A young woman who's suing Chris Brown and another performer, alleging she was sexually assaulted at Brown's Tarzana home during a drug-fueled party in 2017, is entitled to his cell phone number to assist her lawyers in her case, a judge ruled Tuesday.
Judge Elaine Lu agreed with plaintiff Jane Doe's attorneys that Brown's cell phone number could lead to contact information for two individuals, known only as "Vanessa" and "Safari," who are alleged to have witnessed Doe's assault.
The two names were provided by Brown, according to the plaintiff's court papers.
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"Brown's cell phone number is relevant to this case's subject matter because it reasonably assists Doe's search for witnesses to evaluate her case and prepare for trial," the judge wrote.
"Specifically, Doe can use Brown's cell phone number to subpoena Brown's phone records.
With those phone records, Doe could attempt to track down Vanessa and Safari, for example, by hiring a private investigator."
The lawsuit filed in May 2018 names as defendants the 30-year-old Brown and rapper Young Lo, whose real name is Lowell Grissom Jr. and who is alleged to have taken part in the assault on Doe.
Brown is not accused of sexually assaulting the plaintiff.
A female defendant identified only as Doe X also was sued initially, but was dismissed from the case in April.
Brown's attorney, Joanna Michelle Hill, argued that Doe's motion was too broad and that granting the request would violate the singer's privacy and perhaps that of innocent third parties.
She said that Doe's decision not to seek the same information from Grissom "makes it transparent what this is all about."
But Doe's lawyer, Renee Mochkatel, said Grissom was asked during his deposition for Brown's cell phone number and said he did not have it.
She said that Doe is willing to narrow her cell phone information request to about a three-week period, including a week after the incident and a week subsequent to the lawsuit's filing.
"We have done everything we can do," Mochkatel said.
The suit's allegations include sexual battery, assault, civil rights violations and intentional infliction of emotional distress.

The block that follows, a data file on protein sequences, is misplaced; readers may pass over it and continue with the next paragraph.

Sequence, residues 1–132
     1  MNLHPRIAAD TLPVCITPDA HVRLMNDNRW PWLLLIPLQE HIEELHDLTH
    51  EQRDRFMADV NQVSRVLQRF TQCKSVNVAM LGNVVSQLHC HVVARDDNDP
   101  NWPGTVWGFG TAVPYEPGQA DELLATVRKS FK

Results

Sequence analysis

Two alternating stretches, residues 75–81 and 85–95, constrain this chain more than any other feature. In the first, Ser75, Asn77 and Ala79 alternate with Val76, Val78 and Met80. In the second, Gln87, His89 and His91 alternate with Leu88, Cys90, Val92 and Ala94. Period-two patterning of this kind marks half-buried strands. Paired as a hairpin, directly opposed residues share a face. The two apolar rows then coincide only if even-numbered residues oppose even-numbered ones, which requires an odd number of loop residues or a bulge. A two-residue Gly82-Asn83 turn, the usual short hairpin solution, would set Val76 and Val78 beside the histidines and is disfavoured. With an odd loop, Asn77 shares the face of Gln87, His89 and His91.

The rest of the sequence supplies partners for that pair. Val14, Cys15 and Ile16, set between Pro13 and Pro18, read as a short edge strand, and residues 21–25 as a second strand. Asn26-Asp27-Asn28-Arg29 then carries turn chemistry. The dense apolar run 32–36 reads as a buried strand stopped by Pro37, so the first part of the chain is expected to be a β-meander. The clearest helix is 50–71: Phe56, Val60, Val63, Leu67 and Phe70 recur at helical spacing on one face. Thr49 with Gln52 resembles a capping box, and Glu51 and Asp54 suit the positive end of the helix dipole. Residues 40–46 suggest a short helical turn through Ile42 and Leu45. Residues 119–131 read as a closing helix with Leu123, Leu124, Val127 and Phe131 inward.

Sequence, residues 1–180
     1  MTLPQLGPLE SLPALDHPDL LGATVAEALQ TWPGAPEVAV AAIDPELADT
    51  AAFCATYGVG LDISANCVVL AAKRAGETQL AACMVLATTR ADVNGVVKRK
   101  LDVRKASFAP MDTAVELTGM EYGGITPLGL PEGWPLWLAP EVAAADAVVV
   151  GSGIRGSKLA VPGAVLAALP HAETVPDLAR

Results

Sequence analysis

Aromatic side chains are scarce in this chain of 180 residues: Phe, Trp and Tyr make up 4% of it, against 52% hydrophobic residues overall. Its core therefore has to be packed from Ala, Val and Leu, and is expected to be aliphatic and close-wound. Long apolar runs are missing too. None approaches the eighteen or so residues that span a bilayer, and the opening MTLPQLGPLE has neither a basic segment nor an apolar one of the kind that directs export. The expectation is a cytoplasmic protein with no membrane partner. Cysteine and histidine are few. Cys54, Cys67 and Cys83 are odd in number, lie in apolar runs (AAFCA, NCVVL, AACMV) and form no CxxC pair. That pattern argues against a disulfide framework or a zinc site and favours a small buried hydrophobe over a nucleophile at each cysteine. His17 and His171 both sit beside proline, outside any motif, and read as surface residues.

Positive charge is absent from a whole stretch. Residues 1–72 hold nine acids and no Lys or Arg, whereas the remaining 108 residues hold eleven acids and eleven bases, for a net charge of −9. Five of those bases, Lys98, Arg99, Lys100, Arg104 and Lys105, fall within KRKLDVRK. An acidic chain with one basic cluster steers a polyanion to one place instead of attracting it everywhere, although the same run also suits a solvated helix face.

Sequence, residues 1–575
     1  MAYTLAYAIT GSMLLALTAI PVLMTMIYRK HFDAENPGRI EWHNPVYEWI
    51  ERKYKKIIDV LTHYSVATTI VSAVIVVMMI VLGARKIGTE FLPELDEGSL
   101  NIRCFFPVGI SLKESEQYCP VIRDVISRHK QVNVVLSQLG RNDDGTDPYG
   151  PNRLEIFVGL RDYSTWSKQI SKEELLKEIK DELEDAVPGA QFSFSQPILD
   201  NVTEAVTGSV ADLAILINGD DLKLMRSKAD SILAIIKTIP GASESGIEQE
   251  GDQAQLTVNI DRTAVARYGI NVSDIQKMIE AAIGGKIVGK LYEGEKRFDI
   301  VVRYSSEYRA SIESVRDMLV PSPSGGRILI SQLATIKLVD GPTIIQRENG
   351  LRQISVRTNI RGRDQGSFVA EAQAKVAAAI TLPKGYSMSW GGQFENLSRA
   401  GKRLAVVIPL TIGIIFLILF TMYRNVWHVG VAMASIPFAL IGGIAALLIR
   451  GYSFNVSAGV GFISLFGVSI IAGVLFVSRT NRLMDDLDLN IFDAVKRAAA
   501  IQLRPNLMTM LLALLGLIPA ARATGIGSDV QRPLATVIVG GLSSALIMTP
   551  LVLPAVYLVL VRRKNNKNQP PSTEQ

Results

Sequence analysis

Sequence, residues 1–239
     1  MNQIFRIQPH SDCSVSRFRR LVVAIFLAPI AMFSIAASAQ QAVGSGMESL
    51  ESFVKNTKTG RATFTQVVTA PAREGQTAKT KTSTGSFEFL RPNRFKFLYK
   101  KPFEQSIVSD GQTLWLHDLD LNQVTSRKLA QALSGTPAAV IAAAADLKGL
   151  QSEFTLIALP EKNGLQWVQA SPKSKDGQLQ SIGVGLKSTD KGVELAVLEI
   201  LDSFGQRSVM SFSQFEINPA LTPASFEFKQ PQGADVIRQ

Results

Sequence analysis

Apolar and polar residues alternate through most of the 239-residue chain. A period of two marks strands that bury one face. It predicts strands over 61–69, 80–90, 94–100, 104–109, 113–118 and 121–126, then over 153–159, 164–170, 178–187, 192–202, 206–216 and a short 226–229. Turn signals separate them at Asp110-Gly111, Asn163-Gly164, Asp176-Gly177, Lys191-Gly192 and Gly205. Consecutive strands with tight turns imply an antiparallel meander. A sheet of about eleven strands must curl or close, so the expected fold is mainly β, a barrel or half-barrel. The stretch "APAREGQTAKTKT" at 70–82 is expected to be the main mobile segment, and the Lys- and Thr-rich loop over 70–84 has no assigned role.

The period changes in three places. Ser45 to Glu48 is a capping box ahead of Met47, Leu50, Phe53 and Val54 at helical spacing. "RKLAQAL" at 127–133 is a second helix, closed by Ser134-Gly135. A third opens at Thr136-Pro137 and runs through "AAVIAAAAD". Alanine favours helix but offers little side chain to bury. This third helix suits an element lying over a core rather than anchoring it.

The plaintiff is seeking unspecified compensatory and punitive damages.
According to the lawsuit, Doe and a then-roommate attended a concert the evening of Feb. 23, 2017, at the 1 Oak club in West Hollywood and later met Grissom and Brown at a recording studio, where Grissom took their phones.
"Plaintiff was forced to go to Brown's home with others because she perceived that she would only be able to retrieve her phone there," which did not occur, the suit says.
The plaintiff alleges that Brown provided cocaine and marijuana to the guests and gave her a pill filled with white powder, but she did not swallow it, fearing he wanted her and the other female guests to become intoxicated and vulnerable to sex acts.
"Plaintiff became scared and intimidated when she saw Brown and (Grissom) in possession of multiple guns in the house," the suit states.
The woman claims she was later barricaded inside a bedroom after Brown allegedly told Grissom to put a couch in front of the door to keep anyone from leaving.
Brown "played pornography loudly to create a hyper-sexualized environment in the sealed bedroom," the suit alleges.
Doe X, who the plaintiff believes was a friend of Brown and Lo, forced her to perform oral sex on Grissom and also made the plaintiff orally copulate her while Grissom inappropriately touched her, the lawsuit alleges.
"As ... Grissom and Doe X were sexually battering and assaulting (Doe), she could see Brown looking at them and nodding his head in approval and laughing," Doe's court papers state.
Grissom sexually assaulted Doe elsewhere in Brown's home with no witnesses present before releasing her and giving her back her phone, the plaintiff alleges.
She went to a rape treatment center and reported what happened to police, her court papers state.